I had enjoyed the cup of sweet tea with mint with Mohamed in relative peace as several ladies came and went – but then a group of three very noisy ladies arrived and stated picking up pieces I had selected. Mohamed whisked them out of the way, and rather than finish in a hurry I asked him to put them aside for me and I would call back. He is always quiet around 6.30 in the evening.

Then I headed across the Khan El Khalili, over the road, and threaded my way through a very crowded Al Ghouria and into the Tentmakers’ Street.

Reader Comments (10)

always vivid descriptions. thank you for another wonderful post and I eagerly await the photos.

March 13, 2011 | Unregistered CommenterTonya Ricucci

Yess, Jenny, you do describe things wonderfully! The jewellery sounds beautiful. I hope you intend wearing some to Kiama for us to admire. :) Bracelets are also something I tend to collect. I know exactly how you feel! Earrings, too, of course. :)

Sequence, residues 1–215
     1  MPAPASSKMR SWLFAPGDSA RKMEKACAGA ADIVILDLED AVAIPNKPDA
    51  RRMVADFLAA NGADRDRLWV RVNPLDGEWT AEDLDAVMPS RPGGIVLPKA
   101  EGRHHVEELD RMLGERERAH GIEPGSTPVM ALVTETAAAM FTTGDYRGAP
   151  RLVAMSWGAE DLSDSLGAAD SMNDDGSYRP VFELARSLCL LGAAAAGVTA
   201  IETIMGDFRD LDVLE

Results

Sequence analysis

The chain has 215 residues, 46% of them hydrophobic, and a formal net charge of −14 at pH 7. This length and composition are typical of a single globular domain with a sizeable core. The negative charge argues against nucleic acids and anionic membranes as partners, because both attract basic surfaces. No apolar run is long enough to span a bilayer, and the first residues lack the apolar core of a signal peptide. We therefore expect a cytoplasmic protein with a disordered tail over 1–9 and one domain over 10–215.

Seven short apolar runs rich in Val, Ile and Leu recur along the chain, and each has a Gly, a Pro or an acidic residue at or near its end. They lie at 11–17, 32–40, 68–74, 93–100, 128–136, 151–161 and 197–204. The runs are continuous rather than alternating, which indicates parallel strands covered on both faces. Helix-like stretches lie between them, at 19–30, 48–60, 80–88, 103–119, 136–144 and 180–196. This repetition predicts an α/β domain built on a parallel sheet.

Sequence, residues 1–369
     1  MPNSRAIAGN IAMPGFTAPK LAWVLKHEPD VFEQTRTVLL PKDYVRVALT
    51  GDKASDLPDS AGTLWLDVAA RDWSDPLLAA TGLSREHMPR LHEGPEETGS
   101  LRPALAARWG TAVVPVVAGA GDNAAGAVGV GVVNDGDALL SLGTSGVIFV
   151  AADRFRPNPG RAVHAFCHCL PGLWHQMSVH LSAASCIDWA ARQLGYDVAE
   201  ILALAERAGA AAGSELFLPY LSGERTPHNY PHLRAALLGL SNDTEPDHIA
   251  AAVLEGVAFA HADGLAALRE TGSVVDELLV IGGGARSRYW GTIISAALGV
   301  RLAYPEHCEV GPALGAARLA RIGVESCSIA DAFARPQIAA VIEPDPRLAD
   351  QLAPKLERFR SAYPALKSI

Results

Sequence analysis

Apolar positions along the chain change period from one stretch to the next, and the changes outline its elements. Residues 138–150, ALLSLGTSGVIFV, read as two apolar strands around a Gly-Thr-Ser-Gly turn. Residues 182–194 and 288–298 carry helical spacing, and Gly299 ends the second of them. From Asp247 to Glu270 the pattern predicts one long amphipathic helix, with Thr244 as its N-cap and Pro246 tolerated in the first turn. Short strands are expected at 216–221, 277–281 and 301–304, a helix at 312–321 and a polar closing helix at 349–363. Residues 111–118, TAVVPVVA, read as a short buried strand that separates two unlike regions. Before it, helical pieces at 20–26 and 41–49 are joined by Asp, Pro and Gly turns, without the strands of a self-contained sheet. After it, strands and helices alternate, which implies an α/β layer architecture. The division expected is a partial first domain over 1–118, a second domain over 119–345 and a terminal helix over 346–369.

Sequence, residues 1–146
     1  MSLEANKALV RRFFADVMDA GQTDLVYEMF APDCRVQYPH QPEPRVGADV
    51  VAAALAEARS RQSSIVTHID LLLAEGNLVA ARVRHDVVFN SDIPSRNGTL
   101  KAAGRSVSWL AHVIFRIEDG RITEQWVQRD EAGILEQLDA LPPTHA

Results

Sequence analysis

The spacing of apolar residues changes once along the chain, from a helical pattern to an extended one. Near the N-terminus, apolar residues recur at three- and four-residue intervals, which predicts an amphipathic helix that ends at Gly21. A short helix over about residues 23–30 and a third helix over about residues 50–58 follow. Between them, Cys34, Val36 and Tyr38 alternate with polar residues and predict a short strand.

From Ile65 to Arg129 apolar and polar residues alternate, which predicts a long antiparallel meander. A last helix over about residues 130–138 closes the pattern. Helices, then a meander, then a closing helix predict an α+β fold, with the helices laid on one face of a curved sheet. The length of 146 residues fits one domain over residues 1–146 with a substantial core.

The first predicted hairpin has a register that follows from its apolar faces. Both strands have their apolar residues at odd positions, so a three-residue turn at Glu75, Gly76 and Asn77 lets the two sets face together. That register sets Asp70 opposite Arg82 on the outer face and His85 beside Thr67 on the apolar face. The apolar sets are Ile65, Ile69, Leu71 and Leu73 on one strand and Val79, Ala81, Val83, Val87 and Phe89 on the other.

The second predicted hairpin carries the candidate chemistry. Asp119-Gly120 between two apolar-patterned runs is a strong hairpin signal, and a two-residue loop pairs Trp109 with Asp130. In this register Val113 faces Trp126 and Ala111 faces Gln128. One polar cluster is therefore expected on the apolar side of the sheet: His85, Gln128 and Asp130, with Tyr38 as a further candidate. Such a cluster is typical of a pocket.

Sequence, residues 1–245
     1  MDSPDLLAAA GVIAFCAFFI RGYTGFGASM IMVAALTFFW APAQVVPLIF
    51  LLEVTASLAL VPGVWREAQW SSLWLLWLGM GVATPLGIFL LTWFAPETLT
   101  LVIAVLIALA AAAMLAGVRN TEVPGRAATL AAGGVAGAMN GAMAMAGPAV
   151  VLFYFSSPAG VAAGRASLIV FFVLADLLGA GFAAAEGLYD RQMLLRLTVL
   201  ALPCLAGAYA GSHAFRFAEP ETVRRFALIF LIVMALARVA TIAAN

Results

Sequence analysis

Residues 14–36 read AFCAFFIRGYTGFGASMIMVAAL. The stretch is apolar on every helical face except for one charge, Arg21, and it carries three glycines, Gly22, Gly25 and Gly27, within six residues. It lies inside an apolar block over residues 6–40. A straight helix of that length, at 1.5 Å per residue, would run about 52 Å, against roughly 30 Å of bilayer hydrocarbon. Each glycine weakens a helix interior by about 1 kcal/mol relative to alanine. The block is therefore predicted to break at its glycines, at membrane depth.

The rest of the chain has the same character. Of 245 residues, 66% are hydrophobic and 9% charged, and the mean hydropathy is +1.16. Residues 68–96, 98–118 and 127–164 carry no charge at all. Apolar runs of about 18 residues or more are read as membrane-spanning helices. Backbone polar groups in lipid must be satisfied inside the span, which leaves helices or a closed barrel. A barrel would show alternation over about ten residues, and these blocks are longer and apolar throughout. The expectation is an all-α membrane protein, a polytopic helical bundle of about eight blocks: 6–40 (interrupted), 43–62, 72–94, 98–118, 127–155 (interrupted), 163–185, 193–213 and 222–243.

March 13, 2011 | Unregistered CommenterLindi

I agree Jenny,

His jewellery is fabulous and I wear my necklaces a lot and wish I had bought more as I doubt I could find the shop if I ever got back to Cairo.

March 13, 2011 | Unregistered CommenterKate

You would find it Kate - I woudl give you his phone number. Then you just get to Khan al Khalili and ring him and he sends someone to bring you to him.

March 14, 2011 | Unregistered CommenterJenny Bowker

Oh Jenny, what memories you have brought back to me about the fabulous jewellery shop and the interesting journey up the stairs to get there. I love the piece I bought to bits and wear it often. Like Kate I wish I had bought more.